Management of infectious medical waste generated by healthcare activities is regulated and healthcare facilities are therefore required on a regional level to dispose of such waste within strict time and financial conditions.
In Corsica, only one private company was capable of managing such waste in compliance with legal requirements applicable to this territory. This company had therefore been authorised to operate this activity and over time developed long-standing relationships with most of the Corsican healthcare facilities.
Between 2007 and 2015, this company imposed on its customers unilateral and continued increases in prices (average price increased by 88% in 2 years), while threatening that it would terminate its contracts and refrain from bidding on calls for tenders if the customers did not accept these new prices. Being under a legal obligation and without any available alternative to collect and manage their medical waste in Corsica, healthcare facilities were forced to accept the abruptly increased prices.
Competition law enforcement and local anticompetitive practice
In January 2013, an investigation conducted by the French administration in charge of competition and consumer protection enforcement (DGCCRF) concluded that the company in charge of medical waste management in Corsica had committed practices in breach of article L. 420-2 of the French Code of commerce that prohibits abuses of a dominant position.
In accordance with article L. 464-9 of the French Code of commerce regarding local anticompetitive practices (anticompetitive practices affecting local markets and involving firms with individual turnover not exceeding €50m or combined turnover not exceeding €200m), the Minister of Economy offered the infringing company to settle the case. In such cases, settlement will result in a maximum fine up to €150,000 or 5% of the turnover achieved in France.
However, since the company did not reply to this proposal, the case was referred to the FCA in July 2014.
FCA analysis of the increase in prices
In this case, the FCA had to analyse whether and how the increases in prices decided by the company qualified as an abuse of a dominant position, the company having in this case a de facto monopoly.
The FCA considered that although it is not the role of a competition authority “to regulate on prices and their increases“, under certain circumstances, the FCA has jurisdiction to “assess pricing policy” of firms imposing “unfair commercial terms” due to their market power. In such case, unfair prices (i.e. disproportion between the economic value of the service and the price actually claimed, without objective justification) could be considered an abuse of a dominant position (as an “exploitative abuse“).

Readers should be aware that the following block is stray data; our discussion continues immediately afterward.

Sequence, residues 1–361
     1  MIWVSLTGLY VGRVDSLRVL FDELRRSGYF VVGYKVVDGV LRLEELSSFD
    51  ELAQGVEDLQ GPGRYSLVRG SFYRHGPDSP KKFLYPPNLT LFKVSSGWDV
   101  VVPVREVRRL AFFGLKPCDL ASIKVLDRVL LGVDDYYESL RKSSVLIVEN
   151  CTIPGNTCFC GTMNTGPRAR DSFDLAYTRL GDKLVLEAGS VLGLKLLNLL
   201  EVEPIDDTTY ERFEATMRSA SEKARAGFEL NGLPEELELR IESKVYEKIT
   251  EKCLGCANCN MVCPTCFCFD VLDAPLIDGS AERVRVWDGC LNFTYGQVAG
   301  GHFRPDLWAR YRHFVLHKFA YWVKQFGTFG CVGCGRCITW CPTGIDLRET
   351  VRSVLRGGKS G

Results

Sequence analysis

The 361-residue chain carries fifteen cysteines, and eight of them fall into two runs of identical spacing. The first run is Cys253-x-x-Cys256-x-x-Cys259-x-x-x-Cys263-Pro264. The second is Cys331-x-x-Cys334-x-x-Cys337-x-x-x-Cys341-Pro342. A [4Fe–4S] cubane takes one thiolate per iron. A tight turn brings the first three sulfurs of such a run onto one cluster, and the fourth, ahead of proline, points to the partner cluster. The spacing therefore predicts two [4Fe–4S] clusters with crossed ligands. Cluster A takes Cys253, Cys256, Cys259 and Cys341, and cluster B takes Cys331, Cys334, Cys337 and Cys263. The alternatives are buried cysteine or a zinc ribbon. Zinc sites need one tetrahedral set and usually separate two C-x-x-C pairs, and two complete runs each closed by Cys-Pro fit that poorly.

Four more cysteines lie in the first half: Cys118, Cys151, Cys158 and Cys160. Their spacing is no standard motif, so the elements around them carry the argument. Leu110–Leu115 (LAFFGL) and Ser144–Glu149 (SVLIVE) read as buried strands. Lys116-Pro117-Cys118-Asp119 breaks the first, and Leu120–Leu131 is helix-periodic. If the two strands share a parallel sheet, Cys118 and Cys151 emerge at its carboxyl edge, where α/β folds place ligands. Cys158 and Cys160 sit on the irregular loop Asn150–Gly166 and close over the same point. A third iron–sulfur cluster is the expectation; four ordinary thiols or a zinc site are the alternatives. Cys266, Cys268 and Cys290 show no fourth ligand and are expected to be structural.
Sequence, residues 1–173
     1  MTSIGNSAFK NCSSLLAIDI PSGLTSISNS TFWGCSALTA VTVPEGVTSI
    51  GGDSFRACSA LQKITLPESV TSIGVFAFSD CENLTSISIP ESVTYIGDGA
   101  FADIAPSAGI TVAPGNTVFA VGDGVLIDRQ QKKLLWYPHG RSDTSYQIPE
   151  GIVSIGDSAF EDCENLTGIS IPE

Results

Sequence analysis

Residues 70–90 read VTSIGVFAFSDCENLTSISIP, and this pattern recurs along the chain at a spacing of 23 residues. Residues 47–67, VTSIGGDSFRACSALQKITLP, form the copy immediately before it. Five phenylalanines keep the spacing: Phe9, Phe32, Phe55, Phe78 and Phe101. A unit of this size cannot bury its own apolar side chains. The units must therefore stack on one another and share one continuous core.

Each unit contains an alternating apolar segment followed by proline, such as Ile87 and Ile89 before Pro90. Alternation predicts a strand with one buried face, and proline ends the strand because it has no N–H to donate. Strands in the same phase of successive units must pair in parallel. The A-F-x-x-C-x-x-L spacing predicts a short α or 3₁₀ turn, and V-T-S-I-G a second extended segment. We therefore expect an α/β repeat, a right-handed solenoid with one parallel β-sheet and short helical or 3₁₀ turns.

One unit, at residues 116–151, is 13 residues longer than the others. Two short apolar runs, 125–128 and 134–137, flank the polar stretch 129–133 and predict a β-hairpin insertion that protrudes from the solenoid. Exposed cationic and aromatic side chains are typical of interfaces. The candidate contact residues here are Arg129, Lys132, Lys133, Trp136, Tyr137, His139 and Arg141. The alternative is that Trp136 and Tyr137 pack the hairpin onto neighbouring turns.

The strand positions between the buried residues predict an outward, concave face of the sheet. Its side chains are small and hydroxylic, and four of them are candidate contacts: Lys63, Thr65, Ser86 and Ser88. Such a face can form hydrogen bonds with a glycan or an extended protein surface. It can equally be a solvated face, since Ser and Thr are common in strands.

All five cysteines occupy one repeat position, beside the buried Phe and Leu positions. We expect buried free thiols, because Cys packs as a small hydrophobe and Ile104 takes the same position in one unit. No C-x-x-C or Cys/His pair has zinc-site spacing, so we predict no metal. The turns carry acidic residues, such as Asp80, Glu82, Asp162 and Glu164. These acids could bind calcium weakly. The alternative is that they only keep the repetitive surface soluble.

In this case, the FCA considered that Corsican healthcare facilities had no choice but to accept imposed increased prices, which could not be objectively justified. Notably, the argument that the increases in prices were meant to manage the emergence of new players who could have driven the company out of the market was not accepted by FCA, as such pricing policy created a barrier to the emergence of any competition.
The FCA concluded that the company’s behaviour constituted an abuse of a dominant position within the meaning of article L. 420-2 of the French Code of commerce and imposed on the infringing company jointly with its parent company a €199,000 fine – equivalent to 5% of its turnover achieved in France – as well as publicising the decision, based upon a “name and shame” approach.
The FCA had seemed inclined in this case to more severely punish local anticompetitive practices referred to it following on from a refusal of the settlement offered by the administration. Indeed, the Code of commerce enables the FCA to punish infringing companies on local anticompetitive practices with fines up to €750,000. However, in spite of its findings on the practice in question, the FCA, ordered a fine limited to the amount of the transaction offered by the administration.
These sort of “exploitative abuse” cases seem to constitute a relatively newly developed concept of abuse of dominance that competition authorities are keen to use as a modern tool of their competition policy. The FCA, it seems, is punishing exploitative abuses with the aim of restoring “fairness” (“équité” in French).
This decision may be appealed by the company before the Paris Court of Appeal.